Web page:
Reporters Without Borders today condemned the arrest of several Chinese dissidents as they prepared to celebrate the 60th anniversary of the Universal Declaration of Human Rights on 10 December.
Political police in Beijing yesterday evening arrested prominent human rights activist Liu Xiaobo at his home as well as Zhang Zuhua, who was released a few hours later. The authorities also cut their telephone and Internet connections as police searched their homes and seized their computers and personal papers. Liu Xiaobo’s family said police were still holding him.
Police on 4 December arrested three human rights activists: Chen Xi, Shen Youlian and Du Heping, all based in Guizhou province in southern China where rights activists are planning to stage a citizens’ forum on human rights on 10 December.
Charter 8 which calls for democratic reform in China has been signed and published on the Internet by more than 300 Chinese intellectuals and human rights activists and was based on a similar charter produced by Czech dissidents in 1977.
Police also questioned and threatened several other signatories of Charter 8, the organisation Chinese Human Rights Defenders (CHRD) said.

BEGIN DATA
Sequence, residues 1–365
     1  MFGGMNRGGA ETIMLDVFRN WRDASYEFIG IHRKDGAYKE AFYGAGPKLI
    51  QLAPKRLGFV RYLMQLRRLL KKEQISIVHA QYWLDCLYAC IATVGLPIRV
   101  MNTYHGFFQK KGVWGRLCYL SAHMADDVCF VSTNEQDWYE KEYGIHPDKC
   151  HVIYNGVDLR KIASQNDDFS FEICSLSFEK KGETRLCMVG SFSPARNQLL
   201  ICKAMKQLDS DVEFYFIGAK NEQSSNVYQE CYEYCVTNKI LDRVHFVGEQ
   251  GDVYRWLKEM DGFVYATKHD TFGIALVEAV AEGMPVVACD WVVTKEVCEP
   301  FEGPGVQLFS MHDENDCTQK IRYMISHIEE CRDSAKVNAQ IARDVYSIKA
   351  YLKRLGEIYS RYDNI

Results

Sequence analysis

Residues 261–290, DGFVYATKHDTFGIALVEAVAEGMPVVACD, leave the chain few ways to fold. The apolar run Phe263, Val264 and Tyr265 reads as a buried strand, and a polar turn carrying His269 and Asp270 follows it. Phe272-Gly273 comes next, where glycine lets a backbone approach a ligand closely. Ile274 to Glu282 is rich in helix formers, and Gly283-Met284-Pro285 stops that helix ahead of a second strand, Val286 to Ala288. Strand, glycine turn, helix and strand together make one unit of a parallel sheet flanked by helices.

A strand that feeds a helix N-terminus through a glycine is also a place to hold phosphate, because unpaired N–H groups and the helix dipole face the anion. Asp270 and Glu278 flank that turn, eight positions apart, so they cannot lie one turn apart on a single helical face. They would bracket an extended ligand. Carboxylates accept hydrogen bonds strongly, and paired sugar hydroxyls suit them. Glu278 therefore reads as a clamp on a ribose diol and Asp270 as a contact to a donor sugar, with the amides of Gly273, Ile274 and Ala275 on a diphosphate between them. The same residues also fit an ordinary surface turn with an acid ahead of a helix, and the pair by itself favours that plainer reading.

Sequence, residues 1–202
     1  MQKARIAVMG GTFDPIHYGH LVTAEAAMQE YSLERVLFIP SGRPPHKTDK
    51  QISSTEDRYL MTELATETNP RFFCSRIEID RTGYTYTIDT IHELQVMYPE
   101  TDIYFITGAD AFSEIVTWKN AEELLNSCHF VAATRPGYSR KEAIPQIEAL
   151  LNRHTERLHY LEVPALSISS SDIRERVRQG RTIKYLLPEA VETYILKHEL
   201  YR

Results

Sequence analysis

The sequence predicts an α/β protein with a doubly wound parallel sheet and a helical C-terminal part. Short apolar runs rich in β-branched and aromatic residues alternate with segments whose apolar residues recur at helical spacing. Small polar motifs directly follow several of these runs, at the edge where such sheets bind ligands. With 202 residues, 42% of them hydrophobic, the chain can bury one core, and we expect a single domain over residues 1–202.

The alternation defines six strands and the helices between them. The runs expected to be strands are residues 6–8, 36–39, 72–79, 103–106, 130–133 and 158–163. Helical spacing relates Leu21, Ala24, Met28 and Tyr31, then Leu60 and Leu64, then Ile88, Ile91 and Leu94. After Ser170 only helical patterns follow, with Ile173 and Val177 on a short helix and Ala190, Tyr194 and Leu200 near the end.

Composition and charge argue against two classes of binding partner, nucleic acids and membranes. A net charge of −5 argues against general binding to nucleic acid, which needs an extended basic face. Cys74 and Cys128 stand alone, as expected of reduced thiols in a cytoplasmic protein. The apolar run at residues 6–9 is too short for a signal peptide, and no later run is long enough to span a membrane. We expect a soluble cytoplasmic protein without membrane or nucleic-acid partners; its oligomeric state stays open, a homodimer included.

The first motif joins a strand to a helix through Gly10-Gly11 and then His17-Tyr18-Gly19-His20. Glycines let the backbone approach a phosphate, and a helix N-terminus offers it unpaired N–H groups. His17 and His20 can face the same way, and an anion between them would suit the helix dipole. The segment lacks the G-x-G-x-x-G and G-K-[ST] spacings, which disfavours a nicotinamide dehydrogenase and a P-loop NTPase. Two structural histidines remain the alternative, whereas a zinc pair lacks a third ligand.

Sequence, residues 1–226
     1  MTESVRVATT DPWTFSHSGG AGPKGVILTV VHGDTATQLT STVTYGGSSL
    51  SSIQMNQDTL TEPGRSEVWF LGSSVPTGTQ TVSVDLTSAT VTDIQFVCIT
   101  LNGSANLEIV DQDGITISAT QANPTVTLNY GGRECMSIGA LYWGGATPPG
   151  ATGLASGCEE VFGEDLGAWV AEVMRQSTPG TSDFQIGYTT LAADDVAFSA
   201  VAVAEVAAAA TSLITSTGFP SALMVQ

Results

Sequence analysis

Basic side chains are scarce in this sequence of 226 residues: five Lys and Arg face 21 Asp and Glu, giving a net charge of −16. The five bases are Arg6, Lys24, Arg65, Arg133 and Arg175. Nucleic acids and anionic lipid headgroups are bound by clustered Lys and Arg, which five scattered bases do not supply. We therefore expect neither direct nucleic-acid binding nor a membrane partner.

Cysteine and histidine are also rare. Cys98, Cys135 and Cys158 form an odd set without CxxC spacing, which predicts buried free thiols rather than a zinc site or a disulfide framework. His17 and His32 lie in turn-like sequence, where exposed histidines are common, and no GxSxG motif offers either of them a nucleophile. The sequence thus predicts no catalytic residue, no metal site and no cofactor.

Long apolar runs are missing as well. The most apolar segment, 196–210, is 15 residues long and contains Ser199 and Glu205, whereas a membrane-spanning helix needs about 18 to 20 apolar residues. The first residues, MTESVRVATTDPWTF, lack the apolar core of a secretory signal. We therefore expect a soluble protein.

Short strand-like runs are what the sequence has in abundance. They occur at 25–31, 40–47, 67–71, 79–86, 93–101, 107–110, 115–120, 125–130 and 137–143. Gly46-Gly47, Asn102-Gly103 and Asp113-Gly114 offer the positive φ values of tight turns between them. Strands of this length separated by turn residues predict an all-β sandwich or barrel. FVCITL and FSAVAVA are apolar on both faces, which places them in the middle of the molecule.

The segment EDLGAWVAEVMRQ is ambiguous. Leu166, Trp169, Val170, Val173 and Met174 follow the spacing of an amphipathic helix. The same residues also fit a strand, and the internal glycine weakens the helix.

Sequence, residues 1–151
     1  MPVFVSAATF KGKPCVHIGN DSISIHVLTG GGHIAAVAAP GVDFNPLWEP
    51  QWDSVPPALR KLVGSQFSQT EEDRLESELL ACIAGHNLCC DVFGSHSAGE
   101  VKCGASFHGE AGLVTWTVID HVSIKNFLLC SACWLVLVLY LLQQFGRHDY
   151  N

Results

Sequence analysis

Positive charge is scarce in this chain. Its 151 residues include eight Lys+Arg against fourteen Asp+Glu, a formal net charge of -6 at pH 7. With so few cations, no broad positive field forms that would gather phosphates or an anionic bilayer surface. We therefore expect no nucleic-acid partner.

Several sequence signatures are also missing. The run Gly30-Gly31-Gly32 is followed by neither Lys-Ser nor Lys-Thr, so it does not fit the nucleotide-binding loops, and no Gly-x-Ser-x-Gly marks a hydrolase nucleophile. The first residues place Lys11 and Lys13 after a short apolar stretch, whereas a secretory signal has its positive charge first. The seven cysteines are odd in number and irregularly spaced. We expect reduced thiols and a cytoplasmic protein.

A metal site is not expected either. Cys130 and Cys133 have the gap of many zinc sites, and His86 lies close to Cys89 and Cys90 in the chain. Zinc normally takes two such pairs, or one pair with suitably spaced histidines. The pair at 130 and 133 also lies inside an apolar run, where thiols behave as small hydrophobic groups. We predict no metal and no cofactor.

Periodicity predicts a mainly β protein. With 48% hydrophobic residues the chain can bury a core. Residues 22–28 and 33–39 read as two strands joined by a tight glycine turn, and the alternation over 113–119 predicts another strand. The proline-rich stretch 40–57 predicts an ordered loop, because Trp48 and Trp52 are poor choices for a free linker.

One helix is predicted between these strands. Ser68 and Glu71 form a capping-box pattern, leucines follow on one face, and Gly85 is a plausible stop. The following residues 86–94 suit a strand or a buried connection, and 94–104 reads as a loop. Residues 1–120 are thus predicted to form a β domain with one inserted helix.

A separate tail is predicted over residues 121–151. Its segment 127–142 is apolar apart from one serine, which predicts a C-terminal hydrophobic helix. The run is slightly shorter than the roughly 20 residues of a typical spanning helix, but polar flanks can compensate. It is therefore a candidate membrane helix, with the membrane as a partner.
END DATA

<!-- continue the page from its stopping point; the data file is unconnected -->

"One might have hoped that China would have released dissidents, such as Hu Jia, on the eve of the 60th anniversary of the Universal Declaration of Human Rights, but on the contrary they go for a wave of arrests and threats. It’s appalling", the worldwide press freedom organisation said.
"We call for their release and salute the courage of Chinese human rights defenders who have just launched Charter 8", it added.
Liu Xiaobo, winner of the 2004 Reporters Without Borders’ press freedom prize, who is a former philosophy professor at Beijing University, has one driving ambition: that the Chinese press should become a counter-weight to the supremacy of the Chinese Communist Party.